In your terminal, navigate into your repository and run npm run eslint

You should get an output in the terminal that looks something like the following:

  1:26  error  Replace `·(x,y,·z·` with `(x,·y,·z`  prettier/prettier
  2:5   error  Replace `(·` with `·(` prettier/prettier
  3:16  error  Replace `+y;·` with `·+·y` prettier/prettier
  6:3   error  Unexpected console statement no-console
  8:13  error  Insert `·` prettier/prettier
  9:2   error  Insert `⏎` prettier/prettier

✖ 6 problems (6 errors, 0 warnings)
  5 errors and 0 warnings potentially fixable with the `--fix` option.

If you see this, congrats! You've successfully configured ESLint and Prettier!

In this log, we see that we have lots of prettier errors prettier/prettier and one ESLint error no-console. We will get to fixing all these errors in the following sections and explain the --fix option by ESLint

VS Code Settings

In VS Code, we can integrate fixing linting errors like the ones in the previous section as part of our workflow when we save files.

To integrate ESLint and Prettier into your VS Code workflow, you should install the Eslint VS Code extension

Note: In the past, the Prettier extension should also be installed to integrate with the ESLint extension. But now, it is recommended to run prettier via an ESLint configuration, which we have already done above. If you already have the Prettier extension installed, it shouldn't cause conflicts with the configuration we have done so far. If you do have conflicts, try to update your Prettier extension

After installing the ESLint extension, you'll start to see red wavy underlines which indicate errors

ESLint error

(Insert '.' means insert a space)

Go to your VS Code JSON settings by using the command palette. Press CTRL + SHIFT + P on windows or ⇧+⌘+P on mac to open the command palette. Next, type in Open Settings(JSON) and enter. Your settings.json file should open.

Insert the following:

  "eslint.autoFixOnSave": true,
  "": "onSave",

When you save your file, the ESLint extension will run with the config we have set in the above section and also try to fix any errors that occur. Essentially, whenever you save your file the eslint --fix fileBeingSaved.js command will run.

Now try saving ugly.js again and see how the spacings in the file are fixed. It should look something like below:

ESLint fix

All the red wavy errors are gone except for the one at console.log. This is because ESLint was not able to fix that error. To fix that error, we have to manually remove that console.log from our file.

If you wish to run the fix via the command line, you can. In your package.json add the following in script:

  "script": {
    "eslint:fix": "eslint --fix ." // lint all files and attempt to fix all errors if any

In your terminal, run npm run eslint:fix. All files will be formatted and ESLint will try to fix all errors.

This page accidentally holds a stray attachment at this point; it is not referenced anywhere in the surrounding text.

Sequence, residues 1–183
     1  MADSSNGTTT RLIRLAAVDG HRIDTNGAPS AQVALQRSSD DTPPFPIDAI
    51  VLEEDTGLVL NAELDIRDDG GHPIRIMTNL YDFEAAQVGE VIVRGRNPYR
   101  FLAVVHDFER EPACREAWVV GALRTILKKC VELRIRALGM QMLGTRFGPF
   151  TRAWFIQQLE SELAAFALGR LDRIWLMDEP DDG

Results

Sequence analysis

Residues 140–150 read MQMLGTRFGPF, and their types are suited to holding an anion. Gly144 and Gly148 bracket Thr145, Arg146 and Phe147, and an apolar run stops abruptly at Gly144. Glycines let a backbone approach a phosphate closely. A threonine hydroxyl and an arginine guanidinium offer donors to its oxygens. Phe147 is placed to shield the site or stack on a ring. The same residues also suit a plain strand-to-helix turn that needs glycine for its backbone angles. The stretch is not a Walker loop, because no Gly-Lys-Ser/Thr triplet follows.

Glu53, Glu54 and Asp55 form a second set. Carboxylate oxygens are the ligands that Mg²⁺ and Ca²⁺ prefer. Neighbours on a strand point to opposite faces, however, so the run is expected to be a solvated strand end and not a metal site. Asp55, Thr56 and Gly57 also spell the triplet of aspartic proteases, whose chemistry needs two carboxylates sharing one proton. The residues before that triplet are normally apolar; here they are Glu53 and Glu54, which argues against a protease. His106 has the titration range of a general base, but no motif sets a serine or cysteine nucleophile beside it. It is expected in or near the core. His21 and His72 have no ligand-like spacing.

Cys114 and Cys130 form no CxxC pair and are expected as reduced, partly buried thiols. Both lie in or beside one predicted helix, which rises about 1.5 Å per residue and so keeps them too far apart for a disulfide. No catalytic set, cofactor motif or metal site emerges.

Bonus - Integrating husky and lint-staged

Husky is a tool that helps to create git hooks easily while lint-staged allows us to run scripts on files that have been staged in git.

In this bonus section, we will use husky to create a pre-commit git hook that runs lint-staged which in turns runs ESLint to lint our staged files before they are committed.

Install husky and lint-staged with the following command.

npm install --save-dev husky lint-staged

In your package.json, add the following lines:

  "script": {
    "staging-eslint:fix": "eslint --fix" // this does not have the '.' at the end of the command
  "lint-staged": { "*.{js, jsx}": ["npm run staging-eslint:fix", "git add"] },
  "husky": {
    "pre-commit": "lint-staged"

The husky setting will create a pre-commit hook that runs lint-staged

The lint-staged setting will run the staging-eslint:fix script on any staged *.js or *.jsx file. Once all the files have been fixed, the fixes will be added to staging via git add. Next, all staged files will be committed.

Now try making some bad changes to a .js file (eg. add some inconsistent spaces), save it without formatting, stage it and commit. In the terminal, you will see lint-stage being executed and the file with bad changes will be fixed.

Tip: To save without formatting, open the command palette and search for Save without Formatting and press enter. This will save the file but no formatting will be made.


ESLint is an integral part of any JavaScript developer's toolkit. It helps to detect patterns that are not part of a certain guideline and helps to prevent any potential bugs that may occur before run time. With Prettier, your code base will be more organized and everyone will follow a certain style of formatting. Your git diffs will be less about spacings or single/double quotes and more about the logic.

If you're not using ESLint/Prettier already, I highly recommend it to help with the housekeeping of your code. Life will be better 😂